The Long Way by Maria Jesu Estrada is no ordinary zombie short story. In fact, as a horror story aficionada, I can safely claim that it’s one of the best horror stories I’ve read in a while. Not since Tannarive Due’s has there been good speculative fiction that makes a statement about the human condition, or more precisely, the American condition.
Ishmael is an undocumented Mexican mechanic left for dead by an American family who happened upon him after he was dumped by a coyote who took him for all he’s got. There was a scene in which the young son of the racist driver left a bottled water by him and this act of kindness stayed with Ismael. Flash-forward to now, when a zombie outbreak left people trapped in their RVs or trailer homes, he felt compelled to help out his xenophobic, racist neighbors.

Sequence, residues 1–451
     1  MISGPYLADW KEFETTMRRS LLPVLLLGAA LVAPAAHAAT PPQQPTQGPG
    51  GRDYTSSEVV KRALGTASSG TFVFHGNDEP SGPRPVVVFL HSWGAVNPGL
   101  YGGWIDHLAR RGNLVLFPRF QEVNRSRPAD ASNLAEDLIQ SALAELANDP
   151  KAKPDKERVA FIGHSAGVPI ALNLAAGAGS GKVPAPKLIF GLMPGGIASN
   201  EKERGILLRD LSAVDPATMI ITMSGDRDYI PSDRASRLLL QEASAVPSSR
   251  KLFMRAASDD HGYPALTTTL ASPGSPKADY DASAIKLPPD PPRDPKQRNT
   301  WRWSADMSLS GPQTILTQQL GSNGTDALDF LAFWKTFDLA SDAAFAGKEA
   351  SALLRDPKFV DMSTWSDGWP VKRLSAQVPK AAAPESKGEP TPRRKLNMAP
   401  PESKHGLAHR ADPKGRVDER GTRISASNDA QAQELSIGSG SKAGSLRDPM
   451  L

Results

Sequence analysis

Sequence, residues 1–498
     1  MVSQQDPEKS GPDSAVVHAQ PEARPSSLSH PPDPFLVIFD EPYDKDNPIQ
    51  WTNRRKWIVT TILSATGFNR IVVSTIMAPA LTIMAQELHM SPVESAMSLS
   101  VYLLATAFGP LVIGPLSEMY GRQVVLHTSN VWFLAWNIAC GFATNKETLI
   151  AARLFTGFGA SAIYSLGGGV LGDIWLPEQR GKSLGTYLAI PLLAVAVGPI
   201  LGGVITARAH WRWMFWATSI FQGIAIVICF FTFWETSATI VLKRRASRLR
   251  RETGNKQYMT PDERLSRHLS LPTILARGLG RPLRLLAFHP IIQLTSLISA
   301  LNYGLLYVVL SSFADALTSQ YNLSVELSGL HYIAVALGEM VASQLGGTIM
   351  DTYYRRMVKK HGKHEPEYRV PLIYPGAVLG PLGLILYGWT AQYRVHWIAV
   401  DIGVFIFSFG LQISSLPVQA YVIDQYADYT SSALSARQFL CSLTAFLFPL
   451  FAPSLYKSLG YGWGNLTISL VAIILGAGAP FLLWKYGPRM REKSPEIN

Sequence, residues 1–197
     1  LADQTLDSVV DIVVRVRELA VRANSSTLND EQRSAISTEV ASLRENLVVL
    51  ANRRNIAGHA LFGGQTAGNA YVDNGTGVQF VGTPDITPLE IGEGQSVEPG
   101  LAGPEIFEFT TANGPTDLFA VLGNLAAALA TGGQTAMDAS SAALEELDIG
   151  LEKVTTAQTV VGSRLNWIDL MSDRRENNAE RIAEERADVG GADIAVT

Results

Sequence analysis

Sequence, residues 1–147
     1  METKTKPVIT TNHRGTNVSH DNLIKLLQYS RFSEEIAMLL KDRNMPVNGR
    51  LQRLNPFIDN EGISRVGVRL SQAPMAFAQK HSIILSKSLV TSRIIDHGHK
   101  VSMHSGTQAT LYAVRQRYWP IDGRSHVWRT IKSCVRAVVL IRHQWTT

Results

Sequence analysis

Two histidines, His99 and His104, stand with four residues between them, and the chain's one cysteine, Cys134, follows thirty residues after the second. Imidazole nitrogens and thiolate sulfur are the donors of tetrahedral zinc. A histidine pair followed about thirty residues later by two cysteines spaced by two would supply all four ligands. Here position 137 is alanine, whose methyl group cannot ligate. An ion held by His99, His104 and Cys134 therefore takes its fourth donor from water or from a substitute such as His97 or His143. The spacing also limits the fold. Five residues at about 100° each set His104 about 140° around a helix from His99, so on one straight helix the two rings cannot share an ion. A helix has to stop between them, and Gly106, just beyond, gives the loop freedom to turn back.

Estrada deftly weaves past with present, real monsters with metaphorical ones, entertainment with political commentary, but instead of conveniently demonizing the bigoted neighbor, what becomes central to the plot is the friendship that eventually develops between Ismael and his neighbor.
I remember my history professor Mrs. Ner, resplendent in her designer attire and accessories, oversimplifying (or not) the World War II conflict by stating “the enemy of my enemy is my friend.” Indeed.